Minnesota Prairie Roots

Writing and photography by Audrey Kletscher Helbling

Poetry flashback as we welcome spring March 20, 2021

Billboards in my Roadside Poetry Project poem posted in Fergus Falls 10 years ago. Minnesota Prairie Roots file photo June 2011.

THE OFFICIAL ARRIVAL OF SPRING today seems reason to celebrate, especially here in Minnesota, the land of long winters. Or, as my California-raised son-in-law once thought, Almost Canada.

Billboard #2 in my poem. Minnesota Prairie Roots file photo June 2011.

From here on, daylight lengthens. And, after this past pandemic year, I’m thankful for the seasonal transition into more sunlight and resulting warmth and melting of snow. That said, this is still March and in Minnesota that likely means more cold and snowy days.

But, as we ease into spring, I feel a sense of renewal. Warm days with temps in the 50s and near 60, like those predicted for this weekend, are freeing, uplifting and promising.

Billboards #3 and 4. Minnesota Prairie Roots file photo June 2011.

Farmers, I expect, are itching to get into the fields, although it’s way too early for that. I still think like the farm-raised woman I am, connecting seasons to the cycle of planting, growing and harvesting. That will always remain an important part of my identity and continues to influence my writing and photography.

The last of four billboards featuring my Roadside Poetry spring poem. Minnesota Prairie Roots file photo June 2011.

Flash back to 10 years ago and you can read that influence in a poem I penned and submitted to the Roadside Poetry Project. In four lines, each with a 20 character limit, I wrote a spring-themed poem that bannered on four billboards in Fergus Falls. It’s the most unusual spot my poetry has ever published.

The billboards posted along a road on the edge of Fergus Falls in 2011. Minnesota Prairie Roots file photo June 2011.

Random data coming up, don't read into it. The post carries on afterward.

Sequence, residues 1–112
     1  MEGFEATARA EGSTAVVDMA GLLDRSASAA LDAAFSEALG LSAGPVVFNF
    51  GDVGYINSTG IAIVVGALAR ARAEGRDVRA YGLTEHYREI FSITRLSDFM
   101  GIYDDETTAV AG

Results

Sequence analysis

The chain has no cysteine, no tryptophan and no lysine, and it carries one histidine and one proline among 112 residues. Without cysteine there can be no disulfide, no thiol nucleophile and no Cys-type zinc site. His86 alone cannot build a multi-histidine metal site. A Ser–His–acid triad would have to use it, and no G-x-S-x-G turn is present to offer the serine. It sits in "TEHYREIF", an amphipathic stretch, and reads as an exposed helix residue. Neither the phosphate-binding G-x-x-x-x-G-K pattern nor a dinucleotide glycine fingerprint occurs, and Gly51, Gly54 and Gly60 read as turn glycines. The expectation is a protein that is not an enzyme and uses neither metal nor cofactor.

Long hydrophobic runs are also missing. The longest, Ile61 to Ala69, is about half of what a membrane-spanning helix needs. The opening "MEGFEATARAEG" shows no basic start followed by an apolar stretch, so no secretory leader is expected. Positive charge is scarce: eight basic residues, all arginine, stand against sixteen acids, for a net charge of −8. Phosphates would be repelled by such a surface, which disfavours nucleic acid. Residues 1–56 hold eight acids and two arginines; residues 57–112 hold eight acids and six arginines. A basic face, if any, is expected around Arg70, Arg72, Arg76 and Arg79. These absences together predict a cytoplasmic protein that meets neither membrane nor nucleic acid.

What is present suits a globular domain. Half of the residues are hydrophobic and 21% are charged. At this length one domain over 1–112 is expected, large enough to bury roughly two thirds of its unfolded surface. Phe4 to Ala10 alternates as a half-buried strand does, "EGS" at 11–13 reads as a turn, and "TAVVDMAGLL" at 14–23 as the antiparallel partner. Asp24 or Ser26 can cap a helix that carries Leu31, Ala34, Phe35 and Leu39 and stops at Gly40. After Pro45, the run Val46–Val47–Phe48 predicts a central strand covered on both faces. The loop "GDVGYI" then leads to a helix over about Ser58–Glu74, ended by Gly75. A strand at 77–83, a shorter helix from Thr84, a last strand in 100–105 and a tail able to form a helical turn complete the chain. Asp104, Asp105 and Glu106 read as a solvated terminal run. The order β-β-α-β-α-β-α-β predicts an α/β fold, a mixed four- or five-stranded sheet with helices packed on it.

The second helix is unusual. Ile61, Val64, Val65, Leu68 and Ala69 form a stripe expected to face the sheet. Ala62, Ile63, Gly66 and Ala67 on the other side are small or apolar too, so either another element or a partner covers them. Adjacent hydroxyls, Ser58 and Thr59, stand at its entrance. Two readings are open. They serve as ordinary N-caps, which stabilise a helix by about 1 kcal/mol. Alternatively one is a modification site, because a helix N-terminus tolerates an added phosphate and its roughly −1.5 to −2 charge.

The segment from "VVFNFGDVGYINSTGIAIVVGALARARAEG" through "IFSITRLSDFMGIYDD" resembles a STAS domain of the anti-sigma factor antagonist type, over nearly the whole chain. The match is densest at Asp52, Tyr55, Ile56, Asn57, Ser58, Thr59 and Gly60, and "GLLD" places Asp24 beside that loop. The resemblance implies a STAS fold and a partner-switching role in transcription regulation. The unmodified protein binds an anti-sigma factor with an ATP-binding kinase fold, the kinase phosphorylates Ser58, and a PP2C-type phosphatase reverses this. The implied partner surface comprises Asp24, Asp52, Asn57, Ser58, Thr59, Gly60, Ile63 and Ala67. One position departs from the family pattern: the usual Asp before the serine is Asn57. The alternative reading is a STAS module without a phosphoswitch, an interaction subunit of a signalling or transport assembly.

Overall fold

Designed “to celebrate the personal pulse of poetry in the landscape,” according to then Project Coordinator Paul Carney, my poem truly fit that mission. I wrote from experience, from a closeness to the land, from a landscape of understanding.

While the Roadside Poetry Project, funded by the Fergus Falls College Foundation, no longer exists, my poem endures in the legacy of my writing. To have written about spring from the perspective of a farmer’s daughter celebrates my rural Minnesota prairie roots. And spring.

© Copyright 2021 Audrey Kletscher Helbling


Sample billboards along Interstate 90 in Wisconsin February 19, 2020

Filed under: Uncategorized — Audrey Kletscher Helbling @ 5:00 AM
Tags: , , , , , , , ,

Drive Interstate 90 between La Crosse and Madison, Wisconsin, and you’ll see lots of billboards around the larger cities and in the area by the Dells. Edited Minnesota Prairie Roots photo.


BILLBOARDS CAN CLUTTER the landscape. Too many words. Too many materialistic messages. Too much visual imprint when I’d rather see the natural surroundings.


As you would expect in Wisconsin, there are lots of signs for cheese places along I-90. Edited photo by Minnesota Prairie Roots.


But I understand the value of signs, large or small, in drawing people into businesses, to destinations, to detour off the interstate. That said, I noticed a lot of vacant billboard real estate while traveling Interstate 90 from La Crosse to Madison, Wisconsin, this past weekend. I can only speculate that in a tech driven world, this form of marketing to the masses is declining.


Edited photo by Minnesota Prairie Roots. Anyone know the story behind this billboard?


Still, I pay attention to roadside signage and noticed a billboard with a simple and profound message: FORGIVE and BE KIND. I photographed the sign within 10 minutes of Exit 69, the road to Mauston and Oxford. A LAMAR Advertising credit runs along the bottom.

FORGIVE and BE KIND. The words are simple enough. But forgiveness and the added directive to “be kind” can prove a struggle when the pain and hurt run deep. Yet, both can be achieved. It takes work. Time. Healing.


Another cheese sign along I-90 in south central Wisconsin. Edited photo by Minnesota Prairie Roots.


I’d like to hear your thoughts on the FORGIVE and BE KIND billboard and/or on billboards in general.

© Copyright 2020 Audrey Kletscher Helbling


Just vote November 5, 2018

Filed under: Uncategorized — Audrey Kletscher Helbling @ 5:00 AM
Tags: , , , , , ,


IN A YEAR WHEN POLITICAL CAMPAIGNS have reached a new level of negativity, it’s refreshing to see nonpartisan billboards encouraging people to vote. Just vote.